Declaration of Independence

We hold these truths to be self-evident, that all men are created equal, that they are endowed by their Creator with certain unalienable Rights, that among these are Life, Liberty and the pursuit of Happiness. - That to secure these rights, Governments are instituted among Men, deriving their just powers from the consent of the governed.

Monday, October 28, 2013

John Paul Jones

                John Paul was born on July 6, 1747, on the estate of Arbigland near Kirkbean in the Stewartry of Kirkcudbright located on the southwest coast of Scotland.  His father was John Paul (Sr.) who was a gardener at Arbigland, and his mother was named Jean Duff.  His parents were married on November 29, 1733. 

                When John Paul was 12 or 13 years old he sailed out of Whitehaven in the northern English county of Cumberland as an apprentice aboard the Friendship under Captain Benson.  He went to visit his older brother William Paul who had married and settled in Fredericksburg, Virginia; William was also the manager of a colonial estate and the adopted son of a rich plantation owner named William Jones.  John Paul served on several ships over the next few years.  William Jones died in 1760 and left his entire estate to William Paul, John Paul’s older brother.  William Paul died in the spring of 1773 and left the 3,000-acre Virginia plantation to John Paul who then adopted the name of Jones.

                John Paul Jones preferred the name Paul Jones.  He offered his services to the Continental Congress and was commissioned as a Lieutenant on the Alfred, one of the four ships in the American fleet.  Jones was promoted to Captain of the Providence.  He defeated sixteen British ships, including eight vessels that were captured and brought to American ports as prizes of war.  As Captain of the Ranger, he was the first to fly the new American flag while on his way to France.  Jones captured the British sloop Drake while sailing the Irish Sea coast of England.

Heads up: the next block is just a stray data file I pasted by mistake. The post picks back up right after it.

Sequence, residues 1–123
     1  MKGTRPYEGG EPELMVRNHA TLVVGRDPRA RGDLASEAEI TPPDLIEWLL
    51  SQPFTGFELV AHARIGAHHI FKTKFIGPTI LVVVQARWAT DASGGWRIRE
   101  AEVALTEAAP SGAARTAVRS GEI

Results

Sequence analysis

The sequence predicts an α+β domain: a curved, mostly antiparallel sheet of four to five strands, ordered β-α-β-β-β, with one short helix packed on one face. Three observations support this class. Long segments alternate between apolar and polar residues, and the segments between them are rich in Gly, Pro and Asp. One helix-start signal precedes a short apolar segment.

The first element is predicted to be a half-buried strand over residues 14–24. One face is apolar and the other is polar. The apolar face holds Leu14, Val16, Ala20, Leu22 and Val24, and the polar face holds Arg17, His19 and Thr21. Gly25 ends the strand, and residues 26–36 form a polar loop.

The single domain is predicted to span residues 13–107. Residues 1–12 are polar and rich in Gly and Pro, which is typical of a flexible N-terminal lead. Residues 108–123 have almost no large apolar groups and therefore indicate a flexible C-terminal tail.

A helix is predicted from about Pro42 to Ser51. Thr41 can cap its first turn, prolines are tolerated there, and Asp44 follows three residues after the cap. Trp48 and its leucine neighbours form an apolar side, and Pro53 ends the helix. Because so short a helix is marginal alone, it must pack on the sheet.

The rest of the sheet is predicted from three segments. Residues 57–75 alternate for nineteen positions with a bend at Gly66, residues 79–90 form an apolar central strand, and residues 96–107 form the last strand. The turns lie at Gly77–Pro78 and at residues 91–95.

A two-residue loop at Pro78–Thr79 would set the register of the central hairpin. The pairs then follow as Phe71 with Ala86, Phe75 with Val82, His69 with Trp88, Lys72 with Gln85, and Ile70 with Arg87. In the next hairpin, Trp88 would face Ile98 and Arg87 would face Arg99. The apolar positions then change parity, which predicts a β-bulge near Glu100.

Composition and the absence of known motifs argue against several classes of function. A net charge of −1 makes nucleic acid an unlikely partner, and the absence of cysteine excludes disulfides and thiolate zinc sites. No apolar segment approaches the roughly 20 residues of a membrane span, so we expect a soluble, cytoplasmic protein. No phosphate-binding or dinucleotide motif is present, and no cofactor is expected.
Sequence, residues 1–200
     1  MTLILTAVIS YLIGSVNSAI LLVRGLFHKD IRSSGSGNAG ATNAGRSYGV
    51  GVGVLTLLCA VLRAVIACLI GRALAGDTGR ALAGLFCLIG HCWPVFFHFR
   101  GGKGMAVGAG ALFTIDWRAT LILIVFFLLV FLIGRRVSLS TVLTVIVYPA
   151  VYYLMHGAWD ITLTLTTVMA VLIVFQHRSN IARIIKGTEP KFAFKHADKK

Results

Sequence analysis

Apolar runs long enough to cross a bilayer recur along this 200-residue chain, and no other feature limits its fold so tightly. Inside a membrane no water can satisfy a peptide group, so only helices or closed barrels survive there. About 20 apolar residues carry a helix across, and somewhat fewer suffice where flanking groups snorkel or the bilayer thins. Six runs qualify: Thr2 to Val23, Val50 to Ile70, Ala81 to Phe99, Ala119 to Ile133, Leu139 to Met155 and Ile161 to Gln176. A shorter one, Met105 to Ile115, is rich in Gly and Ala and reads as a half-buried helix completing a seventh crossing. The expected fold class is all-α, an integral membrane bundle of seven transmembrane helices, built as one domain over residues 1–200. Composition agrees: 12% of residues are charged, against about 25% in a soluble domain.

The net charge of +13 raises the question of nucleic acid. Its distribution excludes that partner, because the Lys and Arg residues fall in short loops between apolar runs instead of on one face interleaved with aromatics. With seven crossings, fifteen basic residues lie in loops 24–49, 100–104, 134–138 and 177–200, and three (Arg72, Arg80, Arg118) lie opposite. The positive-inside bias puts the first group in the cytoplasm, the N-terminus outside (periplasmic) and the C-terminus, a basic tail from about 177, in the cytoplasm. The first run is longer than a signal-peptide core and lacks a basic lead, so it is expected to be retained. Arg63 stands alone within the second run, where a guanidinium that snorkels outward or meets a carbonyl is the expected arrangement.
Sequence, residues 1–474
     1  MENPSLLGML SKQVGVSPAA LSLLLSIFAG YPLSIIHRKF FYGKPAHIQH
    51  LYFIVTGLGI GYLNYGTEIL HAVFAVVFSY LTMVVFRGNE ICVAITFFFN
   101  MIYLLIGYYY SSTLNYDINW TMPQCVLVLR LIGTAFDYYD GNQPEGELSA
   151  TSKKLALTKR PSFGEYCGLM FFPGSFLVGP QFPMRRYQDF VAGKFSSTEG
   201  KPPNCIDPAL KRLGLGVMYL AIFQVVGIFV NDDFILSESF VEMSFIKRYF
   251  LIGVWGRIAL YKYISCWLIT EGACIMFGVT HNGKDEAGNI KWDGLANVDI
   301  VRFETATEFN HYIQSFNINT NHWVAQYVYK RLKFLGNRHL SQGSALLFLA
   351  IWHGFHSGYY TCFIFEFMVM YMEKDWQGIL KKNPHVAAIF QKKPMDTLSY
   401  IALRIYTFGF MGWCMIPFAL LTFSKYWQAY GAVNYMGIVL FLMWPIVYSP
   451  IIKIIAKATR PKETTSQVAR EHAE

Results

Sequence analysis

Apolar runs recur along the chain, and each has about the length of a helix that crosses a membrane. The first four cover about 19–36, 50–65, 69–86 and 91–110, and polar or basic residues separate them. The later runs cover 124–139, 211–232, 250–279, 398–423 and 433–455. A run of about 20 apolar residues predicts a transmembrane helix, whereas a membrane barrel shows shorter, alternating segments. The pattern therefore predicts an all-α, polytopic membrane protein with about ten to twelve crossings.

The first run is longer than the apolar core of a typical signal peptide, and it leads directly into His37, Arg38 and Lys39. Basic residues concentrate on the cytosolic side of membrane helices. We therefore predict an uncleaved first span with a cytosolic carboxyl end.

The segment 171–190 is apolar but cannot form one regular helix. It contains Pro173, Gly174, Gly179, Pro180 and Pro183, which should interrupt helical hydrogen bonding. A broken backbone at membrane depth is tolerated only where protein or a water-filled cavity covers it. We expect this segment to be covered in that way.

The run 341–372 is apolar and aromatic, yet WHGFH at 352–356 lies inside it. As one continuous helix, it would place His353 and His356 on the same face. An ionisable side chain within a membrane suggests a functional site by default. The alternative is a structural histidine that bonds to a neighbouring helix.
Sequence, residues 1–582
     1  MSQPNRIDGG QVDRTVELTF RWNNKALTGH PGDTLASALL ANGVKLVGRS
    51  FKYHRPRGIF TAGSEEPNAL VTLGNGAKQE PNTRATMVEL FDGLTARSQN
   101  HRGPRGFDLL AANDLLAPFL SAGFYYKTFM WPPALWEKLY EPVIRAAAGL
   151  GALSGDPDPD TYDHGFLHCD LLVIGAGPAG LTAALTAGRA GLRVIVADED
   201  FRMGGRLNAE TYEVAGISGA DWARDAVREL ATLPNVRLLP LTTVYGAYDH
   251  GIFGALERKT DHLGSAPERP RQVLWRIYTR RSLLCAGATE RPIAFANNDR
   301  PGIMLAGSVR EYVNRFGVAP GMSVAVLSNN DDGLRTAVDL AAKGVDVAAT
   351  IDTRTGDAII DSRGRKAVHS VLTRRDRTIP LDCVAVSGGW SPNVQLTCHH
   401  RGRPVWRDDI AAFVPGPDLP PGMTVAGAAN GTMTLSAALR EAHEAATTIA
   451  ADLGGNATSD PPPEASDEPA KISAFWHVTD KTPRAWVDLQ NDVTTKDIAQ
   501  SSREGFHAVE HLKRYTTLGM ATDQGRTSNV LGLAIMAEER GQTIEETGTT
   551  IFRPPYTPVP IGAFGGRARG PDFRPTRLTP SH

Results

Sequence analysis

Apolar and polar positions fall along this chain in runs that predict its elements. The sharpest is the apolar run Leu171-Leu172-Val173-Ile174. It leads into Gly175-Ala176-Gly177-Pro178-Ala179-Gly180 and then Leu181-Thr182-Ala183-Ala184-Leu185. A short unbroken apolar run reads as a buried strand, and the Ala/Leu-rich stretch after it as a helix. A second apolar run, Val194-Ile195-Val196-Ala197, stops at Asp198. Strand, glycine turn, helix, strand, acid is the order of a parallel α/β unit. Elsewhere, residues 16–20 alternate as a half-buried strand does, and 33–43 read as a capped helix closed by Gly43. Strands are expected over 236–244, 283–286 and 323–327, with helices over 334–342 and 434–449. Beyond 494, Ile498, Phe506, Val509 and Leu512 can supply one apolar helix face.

While Jones was having successful voyages, Lord Dunmore and his Tory soldiers destroyed his plantation in Virginia.  This tragedy did not stop Jones.  He took command of the Bohomme Richard (Poor Richard) in 1779.  The ship was named in honor of Benjamin Franklin.  On September 23 Jones and his squadron encountered a large convoy of British ships in the North Sea.  The Richard engaged in a furious battle with the Serapis.  The American ship sailed alongside the British ship and tied the ships together.  The Richard had great holes in its side and began to sink.  Captain Pearson of the Serapis demanded the surrender of the Richard.

                Jones defiantly answered with his famous words:  “No, I have just begun to fight!”  The British surrendered after fighting hand to hand for three hours.  Jones had won the battle and was on the deck of the captured Serapis when the Bohomme Richard sank.